Cancer in the workplace: A call for HR Managers to embrace employee wellness by Marius Meyer

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Last Saturday we celebrated #WorldHealthDay. It reminded us of the importance of health in society and indeed the workplace. Last year (2017) we celebrated the launch of the collaboration between the SA Board for People Practices (SABPP) and the Forever Changed Campaign, an international cancer initiative.  This is a formal process of collaboration about employee wellness in the workplace and society, with a specific focus on a campaign to address cancer in South Africa. SABPP is a professional body for Human Resource (HR) Managers responsible for setting standards of practice and a code of conduct for HR Professionals.   Over the last couple of months we have interacted with Addi Lang and David Salomon from the Forever Changed Campaign – we immediately connected and started to plan collaboration in addressing the issue of cancer in society.  I am also proud to announce that the Forever Changed Wellness Programmes have now been accredited by SABPP for the purpose of continuous professional development (CPD) for HR Managers. This means that HR Managers can obtain CPD points if they attend any of the Forever Changed workshops.

This year, President Cyril Ramaphosa announced during the State of the Nation Address on 16 February 2018 that South Africa will embark on a National Cancer Programme. Hence, we fully support the Forever Changed Campaign in raising awareness and educating people about the imperative of dealing with cancer in a more holistic and integrated manner.  People have options, and they need to be informed of all the options available to them. In particular, I invite HR and Wellness Managers to become involved in this initiative. For SABPP this initiative is a great opportunity for organisations in support of their efforts to apply the national HR standard on employee wellness.  In fact, this issue is so important, it is a matter of life and death.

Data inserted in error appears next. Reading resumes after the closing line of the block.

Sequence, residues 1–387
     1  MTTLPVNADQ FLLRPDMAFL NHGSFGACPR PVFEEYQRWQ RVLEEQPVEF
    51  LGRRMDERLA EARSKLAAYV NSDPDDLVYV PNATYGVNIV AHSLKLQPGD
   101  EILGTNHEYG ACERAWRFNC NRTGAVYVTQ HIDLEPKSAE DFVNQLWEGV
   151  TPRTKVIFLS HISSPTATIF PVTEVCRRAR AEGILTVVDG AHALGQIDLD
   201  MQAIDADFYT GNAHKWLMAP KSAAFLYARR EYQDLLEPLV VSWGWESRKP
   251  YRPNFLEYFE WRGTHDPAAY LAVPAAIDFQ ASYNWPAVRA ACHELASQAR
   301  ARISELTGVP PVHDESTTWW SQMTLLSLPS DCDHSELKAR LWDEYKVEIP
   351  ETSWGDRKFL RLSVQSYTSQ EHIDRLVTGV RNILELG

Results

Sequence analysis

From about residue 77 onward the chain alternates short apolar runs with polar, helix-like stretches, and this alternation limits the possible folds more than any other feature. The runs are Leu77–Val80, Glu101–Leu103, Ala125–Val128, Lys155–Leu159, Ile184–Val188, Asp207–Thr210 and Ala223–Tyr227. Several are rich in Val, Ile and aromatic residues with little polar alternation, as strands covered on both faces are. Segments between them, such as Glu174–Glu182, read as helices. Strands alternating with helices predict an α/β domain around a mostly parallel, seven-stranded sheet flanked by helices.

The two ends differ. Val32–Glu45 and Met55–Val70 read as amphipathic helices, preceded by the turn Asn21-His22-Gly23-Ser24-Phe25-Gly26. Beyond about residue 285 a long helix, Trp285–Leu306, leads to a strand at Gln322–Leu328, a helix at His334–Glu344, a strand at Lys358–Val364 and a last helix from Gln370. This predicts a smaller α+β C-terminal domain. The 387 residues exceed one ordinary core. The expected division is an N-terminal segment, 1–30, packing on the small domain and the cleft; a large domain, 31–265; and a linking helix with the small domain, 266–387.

In 2013 SABPP developed 13 National Standards, and one of them is Employee Wellness. We expect HR Managers to show that they care for their staff.  The reality is that 14% of men and 13% of women in South Africa are at risk of getting cancer. Thus, if you have 1000 employees at your company, at least 130 of them will be affected by cancer. If not today, sometime in future. Moreover, very few of us do not know either a friend of family member who has cancer.  At a personal level, I was also affected. Between November and February the previous year I lost four uncles.  Therefore, cancer affects all fo us.

But let me remind you of what the National HR Standard on Employee Wellness is all about.  It defines employee wellness as a strategy to ensure a safe and healthy work and social envionment is created and maintained, together with individual wellness commitment that enables employees to perform optimally while meeting all health and safety legislative requirements and other relevant wellness good practices in support of the achievement of organsiational objectives.

A key focus of the campaign addressing cancer at work and society is about being more proactive and where possible, preventative in our behaviour and actions.  I want to suggest that the acronym CANCER guides our thinking and actions going forward:

 

Let us continue as HR professionals and colleagues to prioritise wellness and cancer programmes as two of our top priorities.  It is our hope that the national cancer programme will provide the impetus to prioritise cancer as an important area to the addressed.  Too many South Africans have died of cancer, hence the need for more proactive and preventative approaches to cancer.  Also, the HR Manager has a key role to play in supporting employees with cancer, as well as their family members.


Marius Meyer is CEO of the SA Board for People Practices (SABPP) and author of 26 books for Juta, Van Schaik, Lexis-Nexis, Knowledge Resources and more than 500 articles for magazines such as HR Future, HR Voice, Talent Talks, Leadership Online and Achiever Magazine. 

For more information about the Forever Changed Campaign visit www.foreverchanged.co.za